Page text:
Premise: After the wife of a missionary is killed, we jump back and explore the couple’s life together.
About: Every Friday, I review a script from the readers of the site. If you’re interested in submitting your script for an Amateur Review, send it in PDF form, along with your title, genre, logline, and why I should read your script to Carsonreeves3@gmail.com. Keep in mind your script will be posted.
Writer: Karl D Larsson (“Karlosd” in the comments section).
Details: 113 pages (This is an early draft of the script. The situations, characters, and plot may change significantly by the time the film is released. This is not a definitive statement about the project, but rather an analysis of this unique draft as it pertains to the craft of screenwriting).
I always get a little worried when I can’t come up with a logline for a script I just read. This is by no means a death sentence. Films like American Beauty have imperfect loglines. Amores Perros, Heat, Babel and Pulp Fiction have imperfect loglines. But my experience has been when you can’t summarize your story cohesively in a single sentence, the script itself probably lacks focus. The reason for this is that a logline doubles as a controlling idea. It’s the idea that controls your story. If that idea is unclear, the story itself is going to be unclear. And I think we have a little of that going on today’s script, Blood and Fire, a subdued chronicling of a couple’s life together.
Blood and Fire starts out strongly. We meet a family living in an unfamiliar country having breakfast. They’re slightly dysfunctional but no more so than the average family. The key players are the father, Shane, a 40 year old Salvation Army officer, Kara, his beautiful wife, and Chloe, his 17 year old goth-ish daughter. After they finish eating, Kara goes out for her morning jog, only to be shot and killed by the local thug tandem of Carnel and Faron.
Jump back to Afghanistan in 2002 where we discover how Shane and Kara met. He was a soldier and she was a nurse. After getting injured and brought in to her hospital, the two begin to bond, and Kara, who’s actively religious, introduces Shane to the power of faith, going so far as to bring him to a local Afghanistan church service, a dangerous endeavor in a country currently at war with his people.
The story then jumps back 3 days earlier to highlight an event that (I believe) got Shane sent to the hospital in the first place. He and another soldier were on patrol in the city and his dim-witted partner caused a panic that got some poor pedestrian trampled, causing all sorts of mayhem that resulted in the two barely getting out alive.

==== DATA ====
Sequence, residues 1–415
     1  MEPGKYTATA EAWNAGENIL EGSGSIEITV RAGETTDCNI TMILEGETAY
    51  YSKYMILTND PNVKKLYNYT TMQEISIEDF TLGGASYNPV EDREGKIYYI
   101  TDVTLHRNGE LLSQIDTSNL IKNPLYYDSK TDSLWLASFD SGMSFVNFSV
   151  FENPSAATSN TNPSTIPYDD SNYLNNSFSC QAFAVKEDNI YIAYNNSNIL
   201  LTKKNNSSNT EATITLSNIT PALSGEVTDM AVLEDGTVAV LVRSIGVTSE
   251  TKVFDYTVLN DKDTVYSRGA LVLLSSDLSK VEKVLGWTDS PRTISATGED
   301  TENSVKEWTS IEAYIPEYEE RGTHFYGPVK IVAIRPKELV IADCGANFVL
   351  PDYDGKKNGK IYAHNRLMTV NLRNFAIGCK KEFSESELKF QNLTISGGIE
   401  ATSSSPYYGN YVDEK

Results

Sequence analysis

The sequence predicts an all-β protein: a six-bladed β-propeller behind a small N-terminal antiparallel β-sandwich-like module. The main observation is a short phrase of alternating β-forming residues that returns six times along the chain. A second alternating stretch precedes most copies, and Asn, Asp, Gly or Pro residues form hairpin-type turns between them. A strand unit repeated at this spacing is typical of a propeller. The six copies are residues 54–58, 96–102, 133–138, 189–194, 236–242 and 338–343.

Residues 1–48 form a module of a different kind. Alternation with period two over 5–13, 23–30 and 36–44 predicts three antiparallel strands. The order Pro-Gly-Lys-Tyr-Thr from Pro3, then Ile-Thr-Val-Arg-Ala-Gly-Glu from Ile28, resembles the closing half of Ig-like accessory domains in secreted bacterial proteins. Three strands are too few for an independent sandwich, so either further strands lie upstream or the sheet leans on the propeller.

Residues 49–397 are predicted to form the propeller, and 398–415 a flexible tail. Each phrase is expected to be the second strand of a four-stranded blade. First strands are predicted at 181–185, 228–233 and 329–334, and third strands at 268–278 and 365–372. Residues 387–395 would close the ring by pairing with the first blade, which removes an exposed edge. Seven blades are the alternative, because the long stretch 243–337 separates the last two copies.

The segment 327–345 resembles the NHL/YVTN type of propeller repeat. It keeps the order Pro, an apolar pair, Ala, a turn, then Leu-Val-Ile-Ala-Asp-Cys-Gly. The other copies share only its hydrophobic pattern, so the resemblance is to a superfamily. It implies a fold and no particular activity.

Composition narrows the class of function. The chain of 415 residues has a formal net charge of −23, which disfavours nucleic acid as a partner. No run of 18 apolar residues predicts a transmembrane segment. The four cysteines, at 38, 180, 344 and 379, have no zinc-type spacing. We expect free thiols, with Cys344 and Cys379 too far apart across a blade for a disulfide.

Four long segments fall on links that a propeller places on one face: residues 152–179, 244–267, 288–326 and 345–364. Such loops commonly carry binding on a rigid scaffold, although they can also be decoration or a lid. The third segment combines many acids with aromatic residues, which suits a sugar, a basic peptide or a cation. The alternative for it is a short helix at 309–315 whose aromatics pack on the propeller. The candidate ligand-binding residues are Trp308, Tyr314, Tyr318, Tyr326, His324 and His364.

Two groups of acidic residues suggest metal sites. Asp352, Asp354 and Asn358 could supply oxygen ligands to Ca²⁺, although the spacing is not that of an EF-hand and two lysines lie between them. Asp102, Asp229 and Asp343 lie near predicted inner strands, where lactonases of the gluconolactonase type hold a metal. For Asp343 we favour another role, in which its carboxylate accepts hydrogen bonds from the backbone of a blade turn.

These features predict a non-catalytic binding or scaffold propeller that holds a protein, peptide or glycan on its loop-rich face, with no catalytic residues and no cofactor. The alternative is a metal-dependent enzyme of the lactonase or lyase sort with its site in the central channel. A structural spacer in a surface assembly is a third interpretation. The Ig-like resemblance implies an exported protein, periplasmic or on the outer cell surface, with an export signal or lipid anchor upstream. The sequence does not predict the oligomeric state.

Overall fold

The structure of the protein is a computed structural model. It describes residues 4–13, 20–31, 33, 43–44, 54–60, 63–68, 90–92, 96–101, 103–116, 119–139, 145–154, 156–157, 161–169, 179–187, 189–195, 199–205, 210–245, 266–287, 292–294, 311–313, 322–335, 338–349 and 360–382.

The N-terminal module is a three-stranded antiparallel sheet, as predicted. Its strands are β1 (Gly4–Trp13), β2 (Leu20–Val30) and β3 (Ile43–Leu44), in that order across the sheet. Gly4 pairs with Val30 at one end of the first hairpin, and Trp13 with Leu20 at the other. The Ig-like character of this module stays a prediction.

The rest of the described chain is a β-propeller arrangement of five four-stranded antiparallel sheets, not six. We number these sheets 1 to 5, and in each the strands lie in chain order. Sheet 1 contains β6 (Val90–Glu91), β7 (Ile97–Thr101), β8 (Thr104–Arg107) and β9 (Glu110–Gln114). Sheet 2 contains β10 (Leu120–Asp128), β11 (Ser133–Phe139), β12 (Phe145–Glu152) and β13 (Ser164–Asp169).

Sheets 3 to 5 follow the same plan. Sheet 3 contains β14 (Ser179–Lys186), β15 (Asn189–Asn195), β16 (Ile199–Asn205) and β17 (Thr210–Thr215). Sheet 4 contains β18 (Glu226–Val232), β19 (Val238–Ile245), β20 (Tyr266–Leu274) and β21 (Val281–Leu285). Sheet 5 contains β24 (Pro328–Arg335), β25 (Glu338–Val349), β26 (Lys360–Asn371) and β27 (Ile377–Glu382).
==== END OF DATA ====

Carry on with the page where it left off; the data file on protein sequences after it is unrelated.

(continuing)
We then jump forward in time to Los Angeles, years later, where we learn that Shane has become a preacher, is now married to Kara, and has a couple of children. Shane is actively involved in helping the community, but also worried that his teenage daughter, Chloe, is heading down the wrong path by dating suspect guys. Eventually, the Salvation Army decides to make Shane a missionary, and he takes his family to Belize, which is, of course, where our story began.
It’s here that we meet the local crime lord Carnel, and his cronie, Faron. Carnel likes his community nice and dirty, as it’s easier to operate as a criminal that way, and therefore doesn’t like Shane and his family barging in, trying to clean things up. Things only get worse for Shane when his daughter Chloe starts dating Faron. But Faron is like a meek little bunny compared to Carnel, who's constantly warning Shane to go back to America. When Shane ignores him, Carnel finally takes matters into his own hands, and kills Kara.
This is a tough one. With no hook, no discernable character goals and no real story structure, there isn’t a whole lot to grab onto with Blood and Fire, especially because we spend a lot of the story randomly bouncing around in time. In any story, you’d like for the reader to have an idea of where things are going by the end of the first act. I never pinpointed that direction, and thus had a hard time staying interested.
Part of the problem here is the lack of clarity in why we're jumping around so much. Take the jump backwards to the Kabul incident for example. We watch as mayhem occurs and a girl is trampled. This is probably one of the more active moments in the script. But ultimately, it doesn’t have anything to do with the story. The person responsible for the pedestrian’s death isn’t even our main character. It’s another character altogether, one who we never see again. Which leads me to wonder, why include the scene at all? If it was our main character, Shane, that would have huge implications on the story and his character. But since it isn’t, it’s just a scene where something bad happens to someone we don’t know by someone else we don’t know.
The inclusion of the Los Angeles storyline also stumped me. To me, backstory is backstory for a reason. It’s not important enough or exciting enough to document in the main story. And I felt that a lot of this script, in particular the Los Angeles section, was background story on our main characters. I say that because there were very few things in the Los Angeles thread that influenced the central question of the story, which is, why did Carnel shoot Kara? Instead, it’s just a bunch of scenes showing a married couple trying to live together while raising a family. If there was a more immediate problem in Los Angeles, more interesting story threads, higher stakes, more conflict between the characters (there’s conflict between Shane and Chloe, but it’s too subtle to spend 40 pages on), these scenes could have been justified. But for me, at least, it all felt like backstory.